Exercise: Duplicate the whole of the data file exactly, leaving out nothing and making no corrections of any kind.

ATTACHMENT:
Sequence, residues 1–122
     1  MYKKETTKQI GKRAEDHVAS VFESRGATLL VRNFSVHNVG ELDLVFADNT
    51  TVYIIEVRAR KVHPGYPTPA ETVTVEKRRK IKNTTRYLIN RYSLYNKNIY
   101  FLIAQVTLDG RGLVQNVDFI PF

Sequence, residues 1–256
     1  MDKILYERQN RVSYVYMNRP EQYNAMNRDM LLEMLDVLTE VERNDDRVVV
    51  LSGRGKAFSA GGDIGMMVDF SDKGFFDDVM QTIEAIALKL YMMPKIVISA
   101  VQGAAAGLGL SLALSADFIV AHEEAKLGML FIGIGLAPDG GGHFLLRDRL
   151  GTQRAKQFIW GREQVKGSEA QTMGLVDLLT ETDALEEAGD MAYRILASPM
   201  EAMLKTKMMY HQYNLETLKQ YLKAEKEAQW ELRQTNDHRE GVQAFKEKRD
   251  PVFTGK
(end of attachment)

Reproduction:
Sequence, residues 1–122
     1  MYKKETTKQI GKRAEDHVAS VFESRGATLL VRNFSVHNVG ELDLVFADNT
    51  TVYIIEVRAR KVHPGYPTPA ETVTVEKRRK IKNTTRYLIN RYSLYNKNIY
   101  FLIAQVTLDG RGLVQNVDFI PF

Sequence, residues 1–256
     1  MDKILYERQN RVSYVYMNRP EQYNAMNRDM LLEMLDVLTE VERNDDRVVV
    51  LSGRGKAFSA GGDIGMMVDF SDKGFFDDVM QTIEAIALKL YMMPKIVISA
   101  VQGAAAGLGL SLALSADFIV AHEEAKLGML FIGIGLAPDG GGHFLLRDRL
   151  GTQRAKQFIW GREQVKGSEA QTMGLVDLLT ETDALEEAGD MAYRILASPM
   201  EAMLKTKMMY HQYNLETLKQ YLKAEKEAQW ELRQTNDHRE GVQAFKEKRD
   251  PVFTGK